If I can put my two cents in, maintenance on that Corvette will kill you.
Put my two cents in originates from the older put my two bits in and has its origin in the game of poker. When playing poker you have to make a small bet before the cards are dealt called an ante to begin play in that hand.
This phrase draws an analogy to the poker ante (two bits) and gains your entry into the conversation. Two bits means one quarter (currently the American twenty five cent piece). This comes from the older term piece of eight.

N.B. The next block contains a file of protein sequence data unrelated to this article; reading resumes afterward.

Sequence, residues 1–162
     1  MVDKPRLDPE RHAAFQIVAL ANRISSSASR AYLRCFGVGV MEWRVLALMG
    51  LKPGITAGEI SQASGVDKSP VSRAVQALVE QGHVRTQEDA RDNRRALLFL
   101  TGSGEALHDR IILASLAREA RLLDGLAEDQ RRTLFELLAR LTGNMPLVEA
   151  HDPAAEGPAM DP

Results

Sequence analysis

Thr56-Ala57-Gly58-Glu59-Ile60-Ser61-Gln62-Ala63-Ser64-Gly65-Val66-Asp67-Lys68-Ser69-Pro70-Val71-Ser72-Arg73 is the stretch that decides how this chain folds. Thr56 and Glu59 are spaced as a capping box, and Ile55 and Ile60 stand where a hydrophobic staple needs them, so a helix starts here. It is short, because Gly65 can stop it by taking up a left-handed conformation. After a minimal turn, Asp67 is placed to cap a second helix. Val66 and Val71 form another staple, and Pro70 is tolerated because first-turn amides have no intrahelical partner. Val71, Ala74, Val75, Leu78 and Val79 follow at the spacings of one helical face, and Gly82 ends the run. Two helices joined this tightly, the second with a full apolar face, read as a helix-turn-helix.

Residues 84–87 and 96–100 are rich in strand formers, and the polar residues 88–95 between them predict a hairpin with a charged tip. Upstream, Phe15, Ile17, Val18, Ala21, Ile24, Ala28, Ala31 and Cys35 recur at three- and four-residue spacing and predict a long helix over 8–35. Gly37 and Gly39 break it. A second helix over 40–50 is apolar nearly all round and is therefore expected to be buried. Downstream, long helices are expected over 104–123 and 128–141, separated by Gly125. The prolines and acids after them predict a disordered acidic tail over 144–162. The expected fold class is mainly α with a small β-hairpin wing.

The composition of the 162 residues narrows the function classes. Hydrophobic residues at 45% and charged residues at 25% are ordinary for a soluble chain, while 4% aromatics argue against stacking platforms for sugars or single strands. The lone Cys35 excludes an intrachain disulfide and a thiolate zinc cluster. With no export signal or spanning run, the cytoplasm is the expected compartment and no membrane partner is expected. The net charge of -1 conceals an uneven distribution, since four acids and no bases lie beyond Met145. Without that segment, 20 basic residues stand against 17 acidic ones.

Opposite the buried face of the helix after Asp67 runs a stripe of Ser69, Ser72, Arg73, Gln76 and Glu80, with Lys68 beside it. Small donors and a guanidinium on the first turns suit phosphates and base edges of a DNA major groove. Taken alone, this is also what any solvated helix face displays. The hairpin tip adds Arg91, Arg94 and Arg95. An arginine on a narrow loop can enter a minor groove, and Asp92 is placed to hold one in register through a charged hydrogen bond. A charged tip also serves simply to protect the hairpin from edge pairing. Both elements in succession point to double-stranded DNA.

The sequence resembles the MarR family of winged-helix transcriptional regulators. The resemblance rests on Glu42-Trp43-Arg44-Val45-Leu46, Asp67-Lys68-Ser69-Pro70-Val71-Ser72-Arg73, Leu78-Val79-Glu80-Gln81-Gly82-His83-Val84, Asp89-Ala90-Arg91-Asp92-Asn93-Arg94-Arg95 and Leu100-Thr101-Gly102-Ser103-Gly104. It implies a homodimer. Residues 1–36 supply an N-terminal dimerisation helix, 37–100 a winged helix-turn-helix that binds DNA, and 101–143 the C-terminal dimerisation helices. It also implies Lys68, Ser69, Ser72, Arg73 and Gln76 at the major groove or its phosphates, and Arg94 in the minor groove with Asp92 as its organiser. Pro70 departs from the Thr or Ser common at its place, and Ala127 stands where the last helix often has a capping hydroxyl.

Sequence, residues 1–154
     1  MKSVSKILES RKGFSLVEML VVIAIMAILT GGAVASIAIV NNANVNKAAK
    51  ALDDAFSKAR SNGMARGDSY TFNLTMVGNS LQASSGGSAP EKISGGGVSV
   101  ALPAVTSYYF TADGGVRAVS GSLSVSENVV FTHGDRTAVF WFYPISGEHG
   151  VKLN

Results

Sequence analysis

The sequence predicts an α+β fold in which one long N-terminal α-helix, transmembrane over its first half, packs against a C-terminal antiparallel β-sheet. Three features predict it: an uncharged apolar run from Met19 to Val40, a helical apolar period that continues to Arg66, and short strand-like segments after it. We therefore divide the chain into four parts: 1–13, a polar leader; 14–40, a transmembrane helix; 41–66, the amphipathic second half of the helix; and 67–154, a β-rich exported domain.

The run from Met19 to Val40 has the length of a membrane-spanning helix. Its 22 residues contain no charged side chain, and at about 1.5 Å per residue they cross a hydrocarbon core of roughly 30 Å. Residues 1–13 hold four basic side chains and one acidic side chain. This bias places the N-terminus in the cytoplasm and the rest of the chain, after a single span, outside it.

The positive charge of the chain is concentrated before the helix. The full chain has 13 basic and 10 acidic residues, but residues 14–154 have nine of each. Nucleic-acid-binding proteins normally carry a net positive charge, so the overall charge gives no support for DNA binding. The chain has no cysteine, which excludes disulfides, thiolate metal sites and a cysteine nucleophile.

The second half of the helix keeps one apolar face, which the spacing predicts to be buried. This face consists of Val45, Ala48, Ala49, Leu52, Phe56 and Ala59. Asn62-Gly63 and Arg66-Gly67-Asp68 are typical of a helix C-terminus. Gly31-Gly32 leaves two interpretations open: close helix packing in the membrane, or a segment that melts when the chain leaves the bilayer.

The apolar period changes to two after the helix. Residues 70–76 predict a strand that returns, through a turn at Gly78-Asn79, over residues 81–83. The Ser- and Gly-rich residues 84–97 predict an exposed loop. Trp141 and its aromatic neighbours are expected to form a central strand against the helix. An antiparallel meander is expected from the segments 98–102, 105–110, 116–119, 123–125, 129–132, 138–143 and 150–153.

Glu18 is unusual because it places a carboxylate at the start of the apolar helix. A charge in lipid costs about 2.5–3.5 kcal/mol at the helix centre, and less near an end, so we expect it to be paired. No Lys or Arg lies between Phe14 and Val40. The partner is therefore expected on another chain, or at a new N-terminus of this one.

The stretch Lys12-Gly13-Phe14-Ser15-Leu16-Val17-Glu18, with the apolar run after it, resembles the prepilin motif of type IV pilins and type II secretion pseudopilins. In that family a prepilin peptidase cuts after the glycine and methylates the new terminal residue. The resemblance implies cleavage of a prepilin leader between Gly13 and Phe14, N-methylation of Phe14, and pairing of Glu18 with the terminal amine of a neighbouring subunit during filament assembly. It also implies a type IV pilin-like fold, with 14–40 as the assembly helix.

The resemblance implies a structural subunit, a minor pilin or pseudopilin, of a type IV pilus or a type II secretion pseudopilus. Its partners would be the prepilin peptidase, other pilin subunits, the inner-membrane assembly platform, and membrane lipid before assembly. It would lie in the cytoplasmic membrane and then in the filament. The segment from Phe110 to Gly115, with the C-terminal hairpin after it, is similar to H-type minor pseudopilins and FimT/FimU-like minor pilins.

Today we have coins minted in different denominations - nickel, dime, and quarter in the U.S. - but this was not always so. Gold and silver coins once served as currency, with the value of the coin equal to the value of the gold or silver contained in the coin. To obtain currency valued at less than a full gold coin, coins would be scored and split into pieces. This is how one would make change so to speak.
Coins could be split into halfs, quarters, and eighths. One eighth of a coin was called a piece of eight and also called a bit. Two pieces of eight is equal to one quarter. Hence two bits is a quarter. Hence Smashed to bits literally means to break something into eighths.